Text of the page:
Aim: The study tested the hypothesis that doctors using an insulin information checklist during simulated insulin initiation would impart more information regarding insulin use.
Methods: A total of 128 simulations were conducted. Doctors (n = 64) were recruited from practitioners recently completing internship (n = 19) and those established in primary care (n = 45). Both groups of doctors were strata randomized to control (n = 32) and intervention groups (n = 32), so that each group contained equal numbers. Doctors in each group experienced two identical simulations of insulin initiation with an intervening period of 10 min. Doctors in the intervention arm were introduced to an insulin initiation checklist, which they reviewed independently and utilized in the second simulation. Trained assessors captured the provision of education in 21 predefined educational areas. Differences in the change of the total education provided between the first and second simulations were assessed using linear regression.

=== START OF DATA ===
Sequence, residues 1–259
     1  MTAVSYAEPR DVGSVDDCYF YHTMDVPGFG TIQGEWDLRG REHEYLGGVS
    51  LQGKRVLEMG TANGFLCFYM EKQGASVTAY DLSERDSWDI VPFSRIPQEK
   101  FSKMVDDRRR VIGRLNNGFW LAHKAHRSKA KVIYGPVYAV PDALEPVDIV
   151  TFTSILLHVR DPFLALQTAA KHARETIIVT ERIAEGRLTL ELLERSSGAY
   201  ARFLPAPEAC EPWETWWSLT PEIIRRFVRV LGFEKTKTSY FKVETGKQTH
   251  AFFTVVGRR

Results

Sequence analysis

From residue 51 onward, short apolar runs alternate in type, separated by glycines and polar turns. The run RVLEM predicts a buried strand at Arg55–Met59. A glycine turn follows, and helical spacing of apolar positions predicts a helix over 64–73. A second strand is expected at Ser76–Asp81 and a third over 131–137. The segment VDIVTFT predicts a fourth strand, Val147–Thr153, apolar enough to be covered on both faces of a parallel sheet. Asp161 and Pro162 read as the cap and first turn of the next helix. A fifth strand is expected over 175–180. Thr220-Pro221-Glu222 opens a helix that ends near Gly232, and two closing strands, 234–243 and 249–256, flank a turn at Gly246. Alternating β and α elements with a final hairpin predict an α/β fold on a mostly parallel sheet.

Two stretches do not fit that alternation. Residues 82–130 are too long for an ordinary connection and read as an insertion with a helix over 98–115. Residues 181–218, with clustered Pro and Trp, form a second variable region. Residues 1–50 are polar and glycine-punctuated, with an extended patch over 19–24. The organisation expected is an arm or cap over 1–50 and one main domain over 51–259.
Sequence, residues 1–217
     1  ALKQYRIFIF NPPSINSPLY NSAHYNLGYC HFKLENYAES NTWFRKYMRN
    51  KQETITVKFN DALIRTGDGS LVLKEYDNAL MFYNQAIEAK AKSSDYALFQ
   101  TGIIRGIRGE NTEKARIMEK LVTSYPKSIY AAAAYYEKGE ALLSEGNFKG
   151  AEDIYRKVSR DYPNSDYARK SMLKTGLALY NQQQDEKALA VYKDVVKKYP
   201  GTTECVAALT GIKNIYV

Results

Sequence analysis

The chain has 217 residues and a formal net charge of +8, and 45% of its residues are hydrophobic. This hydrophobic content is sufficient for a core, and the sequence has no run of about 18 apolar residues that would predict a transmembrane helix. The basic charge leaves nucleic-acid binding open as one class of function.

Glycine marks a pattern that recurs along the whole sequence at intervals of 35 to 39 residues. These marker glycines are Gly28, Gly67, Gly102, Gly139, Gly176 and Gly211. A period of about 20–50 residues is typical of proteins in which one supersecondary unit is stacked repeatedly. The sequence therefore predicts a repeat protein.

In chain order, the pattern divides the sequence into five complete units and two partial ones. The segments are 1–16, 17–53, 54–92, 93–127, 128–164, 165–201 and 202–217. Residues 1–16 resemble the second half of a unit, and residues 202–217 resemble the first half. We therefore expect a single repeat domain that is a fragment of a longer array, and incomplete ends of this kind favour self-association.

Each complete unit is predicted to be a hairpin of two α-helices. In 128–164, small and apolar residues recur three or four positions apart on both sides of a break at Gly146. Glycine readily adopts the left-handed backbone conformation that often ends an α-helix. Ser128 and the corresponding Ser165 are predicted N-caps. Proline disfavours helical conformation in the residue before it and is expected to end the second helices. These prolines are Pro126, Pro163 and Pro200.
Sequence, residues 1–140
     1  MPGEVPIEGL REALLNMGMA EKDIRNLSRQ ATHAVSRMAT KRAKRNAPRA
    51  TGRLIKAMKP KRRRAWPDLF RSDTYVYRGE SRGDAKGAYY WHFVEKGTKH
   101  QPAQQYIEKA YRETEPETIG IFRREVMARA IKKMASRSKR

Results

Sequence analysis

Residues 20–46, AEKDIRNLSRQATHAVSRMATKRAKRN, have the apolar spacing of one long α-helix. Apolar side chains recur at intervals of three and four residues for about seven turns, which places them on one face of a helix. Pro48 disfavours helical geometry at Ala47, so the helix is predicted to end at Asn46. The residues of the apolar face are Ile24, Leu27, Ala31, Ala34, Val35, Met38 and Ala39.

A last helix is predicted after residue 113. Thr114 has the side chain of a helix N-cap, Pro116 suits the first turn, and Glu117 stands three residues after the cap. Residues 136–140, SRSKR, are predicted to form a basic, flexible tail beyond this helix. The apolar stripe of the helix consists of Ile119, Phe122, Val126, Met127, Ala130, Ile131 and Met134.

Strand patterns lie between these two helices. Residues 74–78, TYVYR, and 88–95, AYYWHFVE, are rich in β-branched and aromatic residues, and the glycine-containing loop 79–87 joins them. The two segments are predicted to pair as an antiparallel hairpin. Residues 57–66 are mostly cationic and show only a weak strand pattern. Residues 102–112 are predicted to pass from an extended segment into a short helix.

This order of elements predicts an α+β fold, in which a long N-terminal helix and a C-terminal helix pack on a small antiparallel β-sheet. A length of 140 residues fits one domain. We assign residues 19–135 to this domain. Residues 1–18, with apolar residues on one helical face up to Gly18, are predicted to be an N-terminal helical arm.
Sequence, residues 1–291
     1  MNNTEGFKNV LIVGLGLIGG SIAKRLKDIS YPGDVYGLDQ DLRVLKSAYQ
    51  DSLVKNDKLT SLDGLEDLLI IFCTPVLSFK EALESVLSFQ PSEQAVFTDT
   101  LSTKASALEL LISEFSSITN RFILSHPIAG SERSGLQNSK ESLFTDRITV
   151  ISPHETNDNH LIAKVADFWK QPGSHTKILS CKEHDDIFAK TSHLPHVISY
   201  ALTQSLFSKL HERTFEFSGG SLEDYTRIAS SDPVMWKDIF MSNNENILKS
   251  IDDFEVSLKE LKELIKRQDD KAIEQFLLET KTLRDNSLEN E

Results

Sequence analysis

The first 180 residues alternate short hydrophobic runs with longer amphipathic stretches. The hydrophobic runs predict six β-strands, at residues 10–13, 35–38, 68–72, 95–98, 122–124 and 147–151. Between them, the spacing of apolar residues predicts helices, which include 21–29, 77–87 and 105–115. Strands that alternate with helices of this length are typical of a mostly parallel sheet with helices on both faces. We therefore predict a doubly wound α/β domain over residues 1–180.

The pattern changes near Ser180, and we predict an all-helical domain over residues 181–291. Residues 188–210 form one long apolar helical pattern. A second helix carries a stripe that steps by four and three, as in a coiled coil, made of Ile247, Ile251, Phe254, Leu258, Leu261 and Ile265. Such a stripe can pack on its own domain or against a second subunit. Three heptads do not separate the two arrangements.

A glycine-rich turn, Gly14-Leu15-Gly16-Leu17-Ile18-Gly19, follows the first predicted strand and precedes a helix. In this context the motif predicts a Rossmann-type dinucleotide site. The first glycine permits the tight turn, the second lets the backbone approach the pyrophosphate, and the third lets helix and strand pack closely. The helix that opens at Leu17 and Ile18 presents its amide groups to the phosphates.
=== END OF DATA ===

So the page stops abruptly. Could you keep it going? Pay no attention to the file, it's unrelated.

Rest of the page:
Results: The difference in the mean change of education provided between the first and second simulations within the 21 educational areas for the control and treatment groups was 9.7 [95% confidence interval (CI): 8.8-11.1, P < 0.001] - an increase of 46.2%. The difference for the 15 areas relevant to pen use was 7.3 (95% CI: 6.2-8.4, P < 0.001) - an increase of 51.6%.
Conclusions: The checklist resulted in doctors providing significantly more education applicable to syringe and insulin pen routes of insulin administration during simulations. Further research is needed on the checklist's impact on healthcare professionals and patient outcomes in the clinical context.
|Number of pages||7|
|Early online date||4 Sept 2015|
|Publication status||Published - Sept 2016|
ASJC Scopus subject areas
- Internal Medicine
- Endocrinology, Diabetes and Metabolism